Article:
Contents of this issue:

  • Pontiac school plan ends up in court
  • District at odds with union over stimulus
  • Another U Prep charter to open
  • Schools cut spending as enrollment falls
  • When meeting time is also mealtime


PONTIAC, Mich. - A circuit court judge has offered to facilitate discussions between Pontiac school teachers and the school district over the district's reorganization plan, according to The Oakland Press.

Judge Rudy Nichols refused to dismiss a lawsuit filed against the district by the Pontiac Education Association over the layoff of all teachers, but also has refused to grant the teachers an injunction that would have put the layoffs on hold, The Press reported.

He told the sides to try to work out their differences over layoffs, recalls, reassignments and unemployment benefits, according to The Press.

The school district gained widespread attention this spring when it issued layoff notices to all unionized employees, saying it would call them back as needed according to seniority, qualifications and certification. The district plans to close half its schools and combine others to address its overspending problem, The Press reported.

The teachers union filed suit, claiming the plan violates the collective bargaining agreement. In denying its request for an injunction, Nichols said the union failed to show it would suffer irreparable harm, and also noted that the collective bargaining agreement outlines procedures for handling disputes, The Press reported.

The Oakland Press, "Judge tells district, Pontiac teachers to keep talking," May 21, 2009

Michigan Education Report, "Pontiac to lay off 700-plus," March 11, 2009


ROYAL OAK, Mich. - The Royal Oak Education Association sponsored a rally to protest plans to spend the school district's stimulus funding for professional development and computers rather than to hire back staff, according to the C&G News.

The district has proposed using its stimulus dollars for professional development, technology upgrades and developing after-school programs, among other items, C&G News reported.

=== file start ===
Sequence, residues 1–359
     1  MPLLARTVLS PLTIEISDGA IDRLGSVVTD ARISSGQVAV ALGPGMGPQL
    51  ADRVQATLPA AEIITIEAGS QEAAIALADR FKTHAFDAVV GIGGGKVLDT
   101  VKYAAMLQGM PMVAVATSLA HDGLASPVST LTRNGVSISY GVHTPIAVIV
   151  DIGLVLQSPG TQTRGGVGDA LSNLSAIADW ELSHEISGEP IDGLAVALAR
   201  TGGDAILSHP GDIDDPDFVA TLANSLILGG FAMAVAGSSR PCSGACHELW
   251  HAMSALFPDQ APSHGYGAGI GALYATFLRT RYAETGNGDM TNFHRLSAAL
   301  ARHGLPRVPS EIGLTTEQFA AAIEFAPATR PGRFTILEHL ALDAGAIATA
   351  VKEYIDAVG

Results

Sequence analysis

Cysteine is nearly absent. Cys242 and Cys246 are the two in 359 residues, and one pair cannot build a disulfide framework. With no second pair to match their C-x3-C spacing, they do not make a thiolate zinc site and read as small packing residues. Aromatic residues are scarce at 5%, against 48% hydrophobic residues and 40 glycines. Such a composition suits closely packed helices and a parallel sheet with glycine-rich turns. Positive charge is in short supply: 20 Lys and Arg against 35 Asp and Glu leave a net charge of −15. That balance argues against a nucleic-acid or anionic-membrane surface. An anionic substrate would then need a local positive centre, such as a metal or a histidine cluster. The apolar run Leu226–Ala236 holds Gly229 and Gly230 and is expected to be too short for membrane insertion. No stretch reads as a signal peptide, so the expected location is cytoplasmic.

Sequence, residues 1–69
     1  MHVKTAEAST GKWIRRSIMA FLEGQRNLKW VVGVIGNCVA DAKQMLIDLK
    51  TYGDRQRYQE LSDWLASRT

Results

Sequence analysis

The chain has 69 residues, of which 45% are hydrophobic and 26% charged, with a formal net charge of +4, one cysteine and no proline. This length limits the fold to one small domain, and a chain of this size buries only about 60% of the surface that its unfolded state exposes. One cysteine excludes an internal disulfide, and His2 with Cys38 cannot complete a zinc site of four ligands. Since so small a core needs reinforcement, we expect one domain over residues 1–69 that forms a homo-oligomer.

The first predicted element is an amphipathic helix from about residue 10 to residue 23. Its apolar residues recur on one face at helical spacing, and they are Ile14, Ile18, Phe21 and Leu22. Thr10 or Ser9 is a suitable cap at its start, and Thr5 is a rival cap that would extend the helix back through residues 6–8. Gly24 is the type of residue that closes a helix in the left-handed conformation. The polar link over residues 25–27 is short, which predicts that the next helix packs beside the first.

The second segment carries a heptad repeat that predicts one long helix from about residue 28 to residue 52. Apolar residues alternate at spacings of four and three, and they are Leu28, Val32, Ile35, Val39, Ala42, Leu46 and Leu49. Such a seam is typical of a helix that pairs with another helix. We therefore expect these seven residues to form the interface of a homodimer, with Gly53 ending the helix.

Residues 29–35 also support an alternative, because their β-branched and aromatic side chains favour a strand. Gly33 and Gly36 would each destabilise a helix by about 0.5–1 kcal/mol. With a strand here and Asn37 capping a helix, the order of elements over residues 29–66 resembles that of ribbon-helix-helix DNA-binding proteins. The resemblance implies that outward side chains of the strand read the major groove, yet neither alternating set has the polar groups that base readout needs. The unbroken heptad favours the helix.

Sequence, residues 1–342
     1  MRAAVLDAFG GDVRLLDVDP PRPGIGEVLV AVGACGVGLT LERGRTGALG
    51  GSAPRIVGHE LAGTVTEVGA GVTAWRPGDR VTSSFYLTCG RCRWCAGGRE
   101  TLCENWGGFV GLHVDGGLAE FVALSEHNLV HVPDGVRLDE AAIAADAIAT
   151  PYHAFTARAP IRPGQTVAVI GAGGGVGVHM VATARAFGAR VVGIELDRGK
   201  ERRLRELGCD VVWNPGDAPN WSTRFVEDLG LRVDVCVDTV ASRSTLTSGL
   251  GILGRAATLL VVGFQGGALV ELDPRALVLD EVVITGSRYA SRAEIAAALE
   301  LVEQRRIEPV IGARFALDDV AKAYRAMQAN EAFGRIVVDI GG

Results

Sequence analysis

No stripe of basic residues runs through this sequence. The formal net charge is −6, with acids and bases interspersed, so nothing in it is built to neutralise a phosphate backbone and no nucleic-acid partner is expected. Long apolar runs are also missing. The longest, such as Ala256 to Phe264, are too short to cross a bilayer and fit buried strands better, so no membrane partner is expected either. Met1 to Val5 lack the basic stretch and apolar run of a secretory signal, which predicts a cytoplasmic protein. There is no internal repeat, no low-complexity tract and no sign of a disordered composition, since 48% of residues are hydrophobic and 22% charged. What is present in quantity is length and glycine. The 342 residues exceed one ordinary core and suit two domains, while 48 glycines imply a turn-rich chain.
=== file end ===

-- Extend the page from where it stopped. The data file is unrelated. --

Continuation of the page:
Superintendent Tom Moline told the News that the federal government has asked school districts to use the money for effective education reform, and not to fund positions that will have to be eliminated when federal funds run out in two years.

But Sidney Kardon, a school social worker and president of the union, told the News, "The purpose of the stimulus is to avert layoffs and retain jobs." He also criticized the district's plan to privatize its food service operation.

Meanwhile, Romeo school district administrators said they are waiting for details on how to spend stimulus money earmarked for special education, at-risk students and technology, though in general the money is intended to improve student achievement, The Romeo Observer reported. Examples of uses would include teacher training or online course software, the Observer reported.

Macomb County is estimated to receive about $14 million for at- risk students and $29 million for special education. That doesn't include "stabilization" funds, which are expected to be used to avert a statewide $59 per-pupil funding reduction, the Observer reported.

C&G News, "Teachers, staff hold rally over budget decisions," May 22, 2009

The Romeo Observer, "Schools await criteria for stimulus package funds," May 20, 2009

Michigan Education Digest, "Must schools use money to keep teachers?" March 13, 2009


DETROIT - The Thompson Education Foundation and the Community Foundation for Southeast Michigan will fund the construction of a new public charter high school opening in fall 2010 on the Detroit riverfront, according to The Detroit News.

The $15 million science and math school will be located at the former site of Franklin Furniture, and will be affiliated with the existing University Prep Science and Math Middle school, The News reported. The middle school currently operates in the Compuware Building, but is expected to move to a new facility next to the Detroit Science Center.

Representatives of the Community Foundation, which contributed $1.5 million, said they hope the investment will spur redevelopment of the city's far east-side neighborhood, according to The News.

Former businessman Bob Thompson, who heads The Thompson Education Foundation with his wife, Ellen, once offered up to $200 million to create 15 charter high schools in Detroit, but was turned down, The News reported. Since then he has supported a series of University Prep charter school initiatives, including University Prep High School and the new science and math schools.

Speaking at the announcement, Detroit Mayor Dave Bing said he supports all forms of schools, according to The News.